Scream 4 (2011)

When: Nov 1
Where to stream it: Paramount Plus (UK, US, AU)

You may be forgiven for wondering if this is really new to streaming. But it had been removed from Paramount's Scream collection due to rights issues, and has now returned fresh for November, and so qualifies for our list. Craven's final foray into the Scream franchise continues to age like a fine wine and is arguably where the series should have ended. Way ahead of its time, the central thesis of Scream 4 revolves around the concept of fandom as cultural currency with the Ghostface killers seeking fame for their string of copycat killings. Campbell, Cox, and Arquette return to support the cast of up-and-comers who are hacked and slashed like never before – this is undoubtedly the goriest installment. While some of the script punch-ups from Ehren Kruger imbue a slapstick comedy it could do without, it still remains a top-notch slasher sequel with a performance from Emma Roberts to die for.

Birth/Rebirth (2023)

When: November 10
Where to stream it: Shudder (UK, US, AU)

Another slam dunk from Shudder, this 2023 horror movie hails from first-time director Laura Moss and looks to challenge our concepts of life, death, and motherhood. A loose Frankenstein reworking, it follows pathologist Rose Casper (Marin Ireland) who decides to revive the corpse of nurse Celie Morales' (Judy Reyes) young daughter when she lands on her slab. She soon discovers that in order to keep her alive she will have to make sacrifices. With flashes of Cronenberg's body horror era, Birth/Rebirth was a critical smash hit when it arrived in theaters earlier this year, proof that Moss is a filmmaker on the rise.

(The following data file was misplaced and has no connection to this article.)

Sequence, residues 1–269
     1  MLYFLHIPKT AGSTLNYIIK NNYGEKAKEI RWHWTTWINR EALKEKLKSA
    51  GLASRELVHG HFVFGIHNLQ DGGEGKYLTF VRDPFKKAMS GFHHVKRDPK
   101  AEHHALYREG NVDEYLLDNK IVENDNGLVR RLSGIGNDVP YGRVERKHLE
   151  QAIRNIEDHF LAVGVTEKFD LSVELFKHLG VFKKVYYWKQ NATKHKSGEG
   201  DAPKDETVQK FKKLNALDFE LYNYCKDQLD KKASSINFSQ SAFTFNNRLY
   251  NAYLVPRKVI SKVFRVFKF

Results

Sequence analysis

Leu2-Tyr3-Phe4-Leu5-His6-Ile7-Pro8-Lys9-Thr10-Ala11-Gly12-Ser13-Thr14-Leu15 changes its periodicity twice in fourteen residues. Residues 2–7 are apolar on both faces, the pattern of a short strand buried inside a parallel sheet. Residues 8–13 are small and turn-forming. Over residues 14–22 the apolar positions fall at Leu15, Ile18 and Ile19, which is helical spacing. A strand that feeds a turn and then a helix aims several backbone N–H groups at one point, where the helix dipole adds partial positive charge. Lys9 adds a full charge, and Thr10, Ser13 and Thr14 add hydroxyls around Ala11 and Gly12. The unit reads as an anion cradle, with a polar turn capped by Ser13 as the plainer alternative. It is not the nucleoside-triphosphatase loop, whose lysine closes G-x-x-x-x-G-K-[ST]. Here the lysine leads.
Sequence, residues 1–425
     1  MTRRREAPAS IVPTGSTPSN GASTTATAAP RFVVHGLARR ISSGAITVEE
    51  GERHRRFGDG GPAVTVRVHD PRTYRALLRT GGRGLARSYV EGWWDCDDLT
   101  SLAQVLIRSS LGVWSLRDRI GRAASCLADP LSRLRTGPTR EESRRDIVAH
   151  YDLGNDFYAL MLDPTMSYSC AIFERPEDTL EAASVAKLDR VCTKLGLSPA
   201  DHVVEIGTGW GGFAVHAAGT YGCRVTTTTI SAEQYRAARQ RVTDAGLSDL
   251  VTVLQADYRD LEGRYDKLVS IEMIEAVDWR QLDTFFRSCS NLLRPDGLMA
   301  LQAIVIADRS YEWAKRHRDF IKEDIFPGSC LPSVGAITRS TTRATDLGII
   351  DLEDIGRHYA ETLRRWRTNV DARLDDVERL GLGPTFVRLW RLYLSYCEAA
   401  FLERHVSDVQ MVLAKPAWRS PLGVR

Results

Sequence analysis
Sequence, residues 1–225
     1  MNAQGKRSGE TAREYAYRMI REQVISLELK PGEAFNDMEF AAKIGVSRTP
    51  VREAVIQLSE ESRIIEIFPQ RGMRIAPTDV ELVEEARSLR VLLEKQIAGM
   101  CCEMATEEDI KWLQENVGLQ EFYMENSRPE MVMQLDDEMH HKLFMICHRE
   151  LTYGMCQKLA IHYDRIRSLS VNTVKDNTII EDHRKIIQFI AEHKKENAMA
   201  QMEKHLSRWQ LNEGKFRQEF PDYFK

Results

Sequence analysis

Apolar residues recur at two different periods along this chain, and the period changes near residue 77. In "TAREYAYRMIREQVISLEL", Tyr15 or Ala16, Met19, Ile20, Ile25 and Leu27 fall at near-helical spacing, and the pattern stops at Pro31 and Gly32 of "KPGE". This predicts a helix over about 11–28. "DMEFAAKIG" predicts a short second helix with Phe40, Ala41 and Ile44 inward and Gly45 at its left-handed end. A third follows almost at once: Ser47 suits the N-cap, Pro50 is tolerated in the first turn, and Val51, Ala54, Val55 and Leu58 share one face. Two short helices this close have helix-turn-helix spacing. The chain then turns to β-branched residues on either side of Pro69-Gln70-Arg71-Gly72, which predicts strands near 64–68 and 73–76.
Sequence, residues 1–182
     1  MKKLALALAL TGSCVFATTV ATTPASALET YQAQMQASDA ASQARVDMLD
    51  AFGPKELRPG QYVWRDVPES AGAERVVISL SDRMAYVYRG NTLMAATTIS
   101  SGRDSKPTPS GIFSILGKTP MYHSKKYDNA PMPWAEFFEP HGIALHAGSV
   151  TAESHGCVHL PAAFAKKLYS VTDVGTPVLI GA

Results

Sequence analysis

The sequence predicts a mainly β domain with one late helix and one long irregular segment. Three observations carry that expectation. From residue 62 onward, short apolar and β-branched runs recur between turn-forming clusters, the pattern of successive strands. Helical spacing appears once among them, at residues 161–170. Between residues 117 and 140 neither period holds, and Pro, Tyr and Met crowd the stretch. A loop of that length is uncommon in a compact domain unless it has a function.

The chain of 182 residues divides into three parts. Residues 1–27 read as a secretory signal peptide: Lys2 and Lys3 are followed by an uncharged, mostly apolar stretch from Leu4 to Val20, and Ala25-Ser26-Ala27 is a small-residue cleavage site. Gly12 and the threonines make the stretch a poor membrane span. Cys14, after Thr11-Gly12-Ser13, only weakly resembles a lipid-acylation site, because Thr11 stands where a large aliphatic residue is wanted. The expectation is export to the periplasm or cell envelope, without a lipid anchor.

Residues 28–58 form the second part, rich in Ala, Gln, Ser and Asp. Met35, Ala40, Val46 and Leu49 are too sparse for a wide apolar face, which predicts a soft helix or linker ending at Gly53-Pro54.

Renfield (2023)

When: November 17
Where to stream it: Now (UK), Prime (US), Amazon Video (AU)

Chris McKay's quasi-sequel to the original Dracula straddles action and comedy, which makes it a perfect Friday night horror. Nicolas Cage stars in one of his traditional scenery-chewing roles of excess as Dracula, the iconic vamp with an oversized ego. The main bulk of the film focuses its plot on his long-suffering familiar Renfield, played by Nicholas Hoult who actively takes steps to separate himself from Dracula via a self-help group. Things go awry and before long Renfield is in the crosshairs of a crime family. It leans more onto the action elements than horror but it's not devoid of gore by any stretch, as Dracula wipes out an entire 12-step meeting in a geyser of blood.